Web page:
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At the CCCC Winter Workshop, Toby Fulwiler presented and we participated
in probably the best "icebreaker" I've ever done.  I immediately came
back to my campus for the spring semester and tried it.  It works.
 
Here goes:
   1.  Find  a stranger in the room - someone you have not previously met.
   2.  Write a letter to this person and discuss what you think a class
called "         " is going to involve.
       You have 5 minutes.
   3.  Add a P. S.  where you tell your partner something about your
personal life that you don't mind sharing.
       You have 2 minutes.
 
  Then, give them 2 minutes to exchange letters and read.  No talking.
 
  4.  Now, write another letter to your partner where you discuss one of
your major concerns about "        "  or taking a "      "  class.
      You  have 5 minutes.
 
  5.  P. S.  respond to your partner's P. S. from the first letter.
      You have 2 minutes.
 
 Then, give them 2 minutes to exchange letters and read.  No talking.
 
  6.  Write a letter where you try to solve your partner's concern about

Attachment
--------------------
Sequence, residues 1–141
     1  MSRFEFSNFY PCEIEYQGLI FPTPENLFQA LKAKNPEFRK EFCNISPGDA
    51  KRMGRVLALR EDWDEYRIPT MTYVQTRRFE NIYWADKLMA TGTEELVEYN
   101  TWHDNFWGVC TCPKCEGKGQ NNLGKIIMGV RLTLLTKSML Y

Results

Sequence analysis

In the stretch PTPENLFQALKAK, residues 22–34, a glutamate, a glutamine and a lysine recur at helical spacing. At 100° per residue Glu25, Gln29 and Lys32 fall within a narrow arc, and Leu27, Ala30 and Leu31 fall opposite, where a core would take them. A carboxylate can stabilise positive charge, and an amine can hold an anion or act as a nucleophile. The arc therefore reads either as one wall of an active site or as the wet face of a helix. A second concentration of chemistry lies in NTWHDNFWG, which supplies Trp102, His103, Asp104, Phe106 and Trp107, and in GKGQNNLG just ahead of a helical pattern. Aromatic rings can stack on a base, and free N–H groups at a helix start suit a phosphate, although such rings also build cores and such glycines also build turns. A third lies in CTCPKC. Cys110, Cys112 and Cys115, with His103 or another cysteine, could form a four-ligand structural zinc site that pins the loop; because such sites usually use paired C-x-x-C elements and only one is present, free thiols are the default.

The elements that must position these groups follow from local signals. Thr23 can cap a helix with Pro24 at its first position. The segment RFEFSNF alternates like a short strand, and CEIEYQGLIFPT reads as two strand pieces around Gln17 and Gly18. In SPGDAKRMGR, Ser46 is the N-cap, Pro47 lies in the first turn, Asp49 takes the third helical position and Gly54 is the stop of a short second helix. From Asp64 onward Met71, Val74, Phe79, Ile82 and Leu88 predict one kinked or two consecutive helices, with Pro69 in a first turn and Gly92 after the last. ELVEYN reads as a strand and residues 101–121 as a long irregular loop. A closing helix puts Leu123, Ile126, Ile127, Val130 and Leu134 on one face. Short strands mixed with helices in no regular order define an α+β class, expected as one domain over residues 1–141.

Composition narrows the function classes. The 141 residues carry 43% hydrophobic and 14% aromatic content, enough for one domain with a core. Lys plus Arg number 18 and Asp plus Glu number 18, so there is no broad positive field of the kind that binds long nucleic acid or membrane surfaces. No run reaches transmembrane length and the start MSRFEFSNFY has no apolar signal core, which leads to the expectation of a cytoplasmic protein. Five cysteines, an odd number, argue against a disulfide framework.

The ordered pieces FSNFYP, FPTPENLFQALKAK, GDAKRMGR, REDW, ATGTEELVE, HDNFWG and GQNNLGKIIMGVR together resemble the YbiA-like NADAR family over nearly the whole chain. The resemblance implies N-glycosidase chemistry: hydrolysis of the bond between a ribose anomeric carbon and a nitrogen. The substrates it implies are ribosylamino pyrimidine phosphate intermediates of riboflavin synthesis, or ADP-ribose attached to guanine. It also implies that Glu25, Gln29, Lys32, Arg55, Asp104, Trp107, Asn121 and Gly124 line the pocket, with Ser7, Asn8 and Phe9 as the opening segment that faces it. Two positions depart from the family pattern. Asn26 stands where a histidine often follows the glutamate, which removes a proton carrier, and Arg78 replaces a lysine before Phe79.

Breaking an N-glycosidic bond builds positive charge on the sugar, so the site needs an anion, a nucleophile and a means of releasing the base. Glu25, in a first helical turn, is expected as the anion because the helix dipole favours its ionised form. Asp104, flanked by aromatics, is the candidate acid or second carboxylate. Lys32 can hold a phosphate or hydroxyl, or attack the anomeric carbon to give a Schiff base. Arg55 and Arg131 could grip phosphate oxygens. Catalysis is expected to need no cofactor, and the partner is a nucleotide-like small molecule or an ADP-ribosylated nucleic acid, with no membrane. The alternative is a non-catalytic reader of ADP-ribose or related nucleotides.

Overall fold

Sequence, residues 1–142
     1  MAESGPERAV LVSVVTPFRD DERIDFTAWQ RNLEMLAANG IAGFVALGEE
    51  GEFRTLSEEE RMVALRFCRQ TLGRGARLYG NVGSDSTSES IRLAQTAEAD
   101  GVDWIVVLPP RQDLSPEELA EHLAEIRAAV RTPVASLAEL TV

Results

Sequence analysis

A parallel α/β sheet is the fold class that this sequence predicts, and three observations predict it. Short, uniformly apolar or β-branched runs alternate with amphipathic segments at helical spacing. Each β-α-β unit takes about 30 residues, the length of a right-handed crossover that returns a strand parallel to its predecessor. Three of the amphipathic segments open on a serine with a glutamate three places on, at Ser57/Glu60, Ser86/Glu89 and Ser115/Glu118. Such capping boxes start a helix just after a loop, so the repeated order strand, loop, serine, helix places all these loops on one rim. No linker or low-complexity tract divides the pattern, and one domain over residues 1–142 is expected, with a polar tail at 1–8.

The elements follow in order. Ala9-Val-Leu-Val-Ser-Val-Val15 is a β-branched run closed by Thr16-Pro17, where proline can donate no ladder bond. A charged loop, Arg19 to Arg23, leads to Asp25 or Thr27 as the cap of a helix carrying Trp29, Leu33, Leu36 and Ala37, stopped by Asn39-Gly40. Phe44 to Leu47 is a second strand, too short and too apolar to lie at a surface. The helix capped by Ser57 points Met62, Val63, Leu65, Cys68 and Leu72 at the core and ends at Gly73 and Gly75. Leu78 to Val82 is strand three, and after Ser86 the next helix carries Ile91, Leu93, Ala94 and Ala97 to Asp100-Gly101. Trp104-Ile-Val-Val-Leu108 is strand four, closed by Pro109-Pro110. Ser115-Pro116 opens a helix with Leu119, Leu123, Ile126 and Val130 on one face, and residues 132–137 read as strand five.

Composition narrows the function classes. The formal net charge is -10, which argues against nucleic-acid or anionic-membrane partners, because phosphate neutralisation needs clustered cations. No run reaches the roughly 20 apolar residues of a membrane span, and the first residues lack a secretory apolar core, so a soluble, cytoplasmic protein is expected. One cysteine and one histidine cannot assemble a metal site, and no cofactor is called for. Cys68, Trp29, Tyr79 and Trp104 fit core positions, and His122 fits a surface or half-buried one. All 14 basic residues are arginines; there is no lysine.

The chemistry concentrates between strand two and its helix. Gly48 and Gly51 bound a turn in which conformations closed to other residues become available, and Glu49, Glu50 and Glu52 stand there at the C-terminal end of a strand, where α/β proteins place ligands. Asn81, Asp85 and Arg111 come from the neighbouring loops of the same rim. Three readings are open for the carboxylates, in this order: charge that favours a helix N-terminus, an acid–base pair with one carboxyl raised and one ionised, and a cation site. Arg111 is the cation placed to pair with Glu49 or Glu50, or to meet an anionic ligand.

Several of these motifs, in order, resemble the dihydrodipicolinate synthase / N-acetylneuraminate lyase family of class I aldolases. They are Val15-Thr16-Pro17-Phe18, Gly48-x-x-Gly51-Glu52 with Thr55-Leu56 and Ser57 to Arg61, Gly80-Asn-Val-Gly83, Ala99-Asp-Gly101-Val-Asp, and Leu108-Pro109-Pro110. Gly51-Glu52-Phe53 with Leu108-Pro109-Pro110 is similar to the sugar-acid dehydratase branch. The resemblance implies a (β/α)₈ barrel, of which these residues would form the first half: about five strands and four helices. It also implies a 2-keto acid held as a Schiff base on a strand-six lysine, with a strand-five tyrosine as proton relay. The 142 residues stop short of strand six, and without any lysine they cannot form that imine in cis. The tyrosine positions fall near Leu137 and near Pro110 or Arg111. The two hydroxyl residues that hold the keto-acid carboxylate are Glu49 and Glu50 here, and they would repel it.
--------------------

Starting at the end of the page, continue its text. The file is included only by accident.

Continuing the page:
"         "  or "        "  class.
     You have 5 minutes.
  7.  You may add a P. S. if you like.
      You have 2 minutes.
 
8.  Pair your group with another group and develop one major concern to
share with the class.
     You have 5 minutes.  You may now talk.
 
 
The key to this icebreaker is no talking throughout the session until
they reach #8.  We found that it kept us focused.  We, as writing
teachers, had an opportunity to talk about audience by shifting from the
first letter which was more formal to the P. S. and then to each of the
subsequent letters.
You have to remain diligent to the time, and you may find yourself
writing with a student if you do not have an even number of people in
class.
Later in the semester this same activity can be used to check progress,
to give you a quick sense of who's understanding what, and to allow
students to explain a difficult concept to each other; then, you can
collect the group concerns and use that to supplement your lecture or to
create a review for a test.
I used the prompts and time sentences on an overhead so that I would not
talk either.
If you have questions, I'll be glad to offer more information.
 
Susan McKinney
Westark Community College
Fort Smith, AR
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